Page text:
How to Manage Pests
UC Pest Management Guidelines
Scientific name: Aphis fabae
(Reviewed 11/05, updated 1/10, pesticides updated 9/16)
In this Guideline:
DESCRIPTION OF THE PEST
Bean aphid is present in the Imperial Valley, but it is not a common pest of sugarbeets there.
Bean aphid is a dark olive green to black aphid. It is most easily confused with the cowpea aphid. Bean aphid has a dull, matte appearance while cowpea aphid is shiny. The cauda of the bean aphid has more hairs than that of the cowpea aphid and thus appears bushy. Except for the presence of wings, the winged form of the bean aphid is similar in appearance to the wingless one.
Injury from bean aphid occurs from virus transmission and from direct feeding on sugarbeet leaves. Bean aphids transmit Beet yellows virus, Beet western yellows virus, and Beet mosaic virus. Although bean aphids do not vector viruses as efficiently as green peach aphid, generally bean aphid occurs at higher densities, which tends to negate the differences in virus transmission efficiency.
Infestations of bean aphid generally begin on young leaves in the center of the crown. As the number of individuals increases, older leaves are colonized. The aphid is found mainly on the underside of leaves and only rarely on upper surfaces. Infested leaves curl under and inward and become severely distorted. The leaf margin and eventually the entire leaf become necrotic. Heavy populations may kill foliage, even in large mature plants. Bean aphid produces large amounts of honeydew, and infested leaves are usually covered with sooty mold. If the aphids are killed, either by insecticides or natural enemies, leaves resprout from the crown and new foliage begins growing.
The principal way of reducing virus transmission by the bean aphid is adherence to the beet-free restrictions and planting dates established by grower and processor agreement. These planting date restrictions are established to avoid planting during major aphid flights and to prevent the virus source (i.e., infected sugarbeet plants), from bridging the time between old and new plantings. Planting date restrictions and beet-free periods vary considerably from location to location; contact your farm advisor, processor, or the California Beet Growers Association for the latest restrictions in your area. Strict adherence to these restrictions is absolutely necessary in order to reduce the amount of virus.
A second, and equally important, factor in reducing virus spread is good field sanitation. Infected keeper beets that produce new vegetative growth after harvest act as sources of virus inoculum for new plantings. Following harvest, thoroughly disc fields and chop remaining beets into small pieces. Watch fields closely and redisc if new growth appears. Take special care where keeper beets resprout in other crops, such as cereals or alfalfa. In such cases, herbicides may be required to control the new growth in order to reduce virus inoculum. These measures help control the incidence and spread of viruses transmitted by bean aphid but do little in controlling the aphid itself.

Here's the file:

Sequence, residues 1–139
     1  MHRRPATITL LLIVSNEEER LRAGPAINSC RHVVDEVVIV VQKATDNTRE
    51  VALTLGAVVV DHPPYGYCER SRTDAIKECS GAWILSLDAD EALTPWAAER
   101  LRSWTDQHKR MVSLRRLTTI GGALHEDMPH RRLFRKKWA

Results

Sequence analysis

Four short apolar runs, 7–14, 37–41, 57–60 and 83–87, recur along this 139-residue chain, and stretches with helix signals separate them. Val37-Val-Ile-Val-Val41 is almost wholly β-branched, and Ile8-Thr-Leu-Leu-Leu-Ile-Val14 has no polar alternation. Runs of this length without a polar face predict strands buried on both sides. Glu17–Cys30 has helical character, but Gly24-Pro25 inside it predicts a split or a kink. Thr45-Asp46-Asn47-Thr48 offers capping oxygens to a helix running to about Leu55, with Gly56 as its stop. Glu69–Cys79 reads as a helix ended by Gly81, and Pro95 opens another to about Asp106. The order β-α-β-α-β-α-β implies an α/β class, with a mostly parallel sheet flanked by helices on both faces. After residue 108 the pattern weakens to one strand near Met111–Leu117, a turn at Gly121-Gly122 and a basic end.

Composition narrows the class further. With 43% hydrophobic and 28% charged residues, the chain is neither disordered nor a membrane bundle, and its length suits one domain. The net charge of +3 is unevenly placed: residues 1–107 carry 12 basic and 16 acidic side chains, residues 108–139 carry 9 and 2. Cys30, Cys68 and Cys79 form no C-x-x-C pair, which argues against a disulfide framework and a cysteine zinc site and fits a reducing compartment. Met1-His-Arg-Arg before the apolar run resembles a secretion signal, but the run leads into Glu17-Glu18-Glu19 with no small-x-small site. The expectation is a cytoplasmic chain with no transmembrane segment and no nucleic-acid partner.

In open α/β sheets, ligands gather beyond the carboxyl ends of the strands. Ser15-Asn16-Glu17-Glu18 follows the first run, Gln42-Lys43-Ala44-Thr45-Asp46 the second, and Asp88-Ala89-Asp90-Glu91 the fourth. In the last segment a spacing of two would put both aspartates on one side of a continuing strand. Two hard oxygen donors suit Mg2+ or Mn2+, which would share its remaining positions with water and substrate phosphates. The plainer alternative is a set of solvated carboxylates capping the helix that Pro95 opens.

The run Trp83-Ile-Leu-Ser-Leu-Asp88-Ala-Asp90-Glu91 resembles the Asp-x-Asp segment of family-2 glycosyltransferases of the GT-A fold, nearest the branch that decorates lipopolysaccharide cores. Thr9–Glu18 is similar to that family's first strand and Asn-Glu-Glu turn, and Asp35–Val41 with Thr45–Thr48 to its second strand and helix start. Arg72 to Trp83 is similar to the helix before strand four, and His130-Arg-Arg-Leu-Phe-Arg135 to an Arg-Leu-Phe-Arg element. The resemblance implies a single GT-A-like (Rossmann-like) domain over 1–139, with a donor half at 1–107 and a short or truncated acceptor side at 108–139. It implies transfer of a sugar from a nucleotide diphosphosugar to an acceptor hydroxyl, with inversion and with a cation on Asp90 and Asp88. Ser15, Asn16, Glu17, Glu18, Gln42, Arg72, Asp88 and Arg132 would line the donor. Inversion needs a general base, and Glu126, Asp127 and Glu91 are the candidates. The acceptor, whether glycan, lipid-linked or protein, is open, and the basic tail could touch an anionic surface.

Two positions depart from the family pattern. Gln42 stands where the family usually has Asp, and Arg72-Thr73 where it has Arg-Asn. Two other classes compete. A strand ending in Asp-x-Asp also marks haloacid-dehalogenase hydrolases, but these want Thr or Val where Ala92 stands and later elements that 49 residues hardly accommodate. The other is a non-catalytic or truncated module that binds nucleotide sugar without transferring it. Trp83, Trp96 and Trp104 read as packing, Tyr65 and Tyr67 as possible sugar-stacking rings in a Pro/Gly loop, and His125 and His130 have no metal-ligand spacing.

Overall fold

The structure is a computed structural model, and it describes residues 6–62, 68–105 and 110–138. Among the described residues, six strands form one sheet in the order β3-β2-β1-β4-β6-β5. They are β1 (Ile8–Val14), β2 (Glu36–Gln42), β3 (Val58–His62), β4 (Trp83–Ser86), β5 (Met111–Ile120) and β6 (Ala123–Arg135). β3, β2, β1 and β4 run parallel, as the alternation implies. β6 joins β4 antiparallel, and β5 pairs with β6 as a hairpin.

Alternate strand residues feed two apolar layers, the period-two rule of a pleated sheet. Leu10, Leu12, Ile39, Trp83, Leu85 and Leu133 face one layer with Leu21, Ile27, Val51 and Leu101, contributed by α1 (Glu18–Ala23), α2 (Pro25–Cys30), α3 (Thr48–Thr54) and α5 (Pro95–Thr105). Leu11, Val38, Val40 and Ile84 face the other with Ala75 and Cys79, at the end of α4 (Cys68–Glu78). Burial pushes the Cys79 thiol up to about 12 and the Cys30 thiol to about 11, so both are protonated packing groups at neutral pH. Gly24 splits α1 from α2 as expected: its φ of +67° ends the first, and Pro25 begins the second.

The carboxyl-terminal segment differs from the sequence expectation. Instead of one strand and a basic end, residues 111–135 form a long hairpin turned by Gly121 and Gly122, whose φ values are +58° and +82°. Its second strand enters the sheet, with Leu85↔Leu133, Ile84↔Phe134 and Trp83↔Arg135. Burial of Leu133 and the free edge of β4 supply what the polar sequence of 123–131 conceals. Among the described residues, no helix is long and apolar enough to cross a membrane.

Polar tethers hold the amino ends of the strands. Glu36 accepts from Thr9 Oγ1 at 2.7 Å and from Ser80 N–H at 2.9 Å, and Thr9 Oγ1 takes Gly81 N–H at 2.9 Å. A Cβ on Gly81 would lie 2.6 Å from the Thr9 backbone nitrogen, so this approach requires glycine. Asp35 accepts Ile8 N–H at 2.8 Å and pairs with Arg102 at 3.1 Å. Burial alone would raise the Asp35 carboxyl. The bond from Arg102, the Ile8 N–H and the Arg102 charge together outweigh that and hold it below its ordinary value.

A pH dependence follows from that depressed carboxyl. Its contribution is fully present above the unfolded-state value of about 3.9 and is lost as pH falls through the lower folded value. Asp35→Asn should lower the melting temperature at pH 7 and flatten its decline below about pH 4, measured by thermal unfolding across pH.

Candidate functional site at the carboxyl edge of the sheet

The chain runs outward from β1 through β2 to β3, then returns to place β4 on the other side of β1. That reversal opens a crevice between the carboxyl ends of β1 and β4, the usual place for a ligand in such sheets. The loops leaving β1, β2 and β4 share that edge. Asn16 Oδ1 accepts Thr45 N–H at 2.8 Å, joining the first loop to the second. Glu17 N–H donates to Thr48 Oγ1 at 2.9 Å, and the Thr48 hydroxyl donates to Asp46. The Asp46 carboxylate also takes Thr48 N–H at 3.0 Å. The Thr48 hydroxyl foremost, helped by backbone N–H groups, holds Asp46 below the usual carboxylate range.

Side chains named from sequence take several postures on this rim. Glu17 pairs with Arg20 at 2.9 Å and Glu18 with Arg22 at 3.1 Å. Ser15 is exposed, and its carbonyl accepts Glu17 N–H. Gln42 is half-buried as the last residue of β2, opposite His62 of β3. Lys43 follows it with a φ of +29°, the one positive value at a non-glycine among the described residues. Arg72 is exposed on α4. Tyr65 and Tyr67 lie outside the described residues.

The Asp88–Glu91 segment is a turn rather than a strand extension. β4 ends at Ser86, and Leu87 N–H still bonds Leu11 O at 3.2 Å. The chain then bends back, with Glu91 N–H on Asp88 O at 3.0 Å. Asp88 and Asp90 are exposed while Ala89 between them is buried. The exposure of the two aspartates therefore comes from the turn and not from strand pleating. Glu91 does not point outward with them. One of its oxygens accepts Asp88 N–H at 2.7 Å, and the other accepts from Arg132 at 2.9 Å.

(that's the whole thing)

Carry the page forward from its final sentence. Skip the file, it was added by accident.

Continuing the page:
Bean aphids are attacked by a variety of common aphid predators and parasites. Lady beetles, green lacewing larvae, and syrphid fly larvae are frequently found associated with bean aphid colonies. Note the presence of these predators and their impact on aphid populations during routine monitoring. If these predators are present and aphid numbers are declining, delay chemical intervention.
Bean aphid is attacked by a very prolific parasitic wasp, Lysiphlebus testaceipes. Parasitized aphids become bloated and their bodies turn tan in color. This parasite can control extensive populations of bean aphid in a few days, and if parasite activity is evident, chemical treatments should be delayed or canceled. Bean aphid is also attacked by a fungus disease that leaves the aphid body flattened so it appears to be glued to the leaf. Like the parasite, this fungus disease may control the aphid population within a matter of days. This disease is most prevalent in spring during rainy periods. In most cases, a combination of these biological control agents work in concert to reduce aphid numbers.
Monitoring and Treatment Decisions
Infestations of black bean aphid and infection with beet yellow virus are most damaging to the plant near the time of seedling emergence. For April to May plantings, the first 6 to 8 weeks after emergence is the most critical time to protect sugarbeet from black bean aphid and beet yellow virus. Monitor sugarbeet plants and evaluate the aphid population and the extent of direct feeding damage to plants. Determine damage levels caused by direct feeding from the following table:
The following treatment guidelines are provisional, but helpful in making treatment decisions. These guidelines are based on: (1) plant age (from seedling emergence) at the time of infestation; (2) severity of infestation and associated injury; and (3) the length of time the plants remain infested. Based on the above damaged levels and age of the plant, treatment guidelines are as follows:
UC IPM Pest Management Guidelines:
Insects and Mites
E.T. Natwick, UC Cooperative Extension Imperial County
Acknowledgement for contributions to Insects and Mites:C. G. Summers, Entomology, Kearney Agricultural Center, Parlier
D. R. Haviland, UC IPM Program, Kern County
L. D. Godfrey, Entomology, UC Davis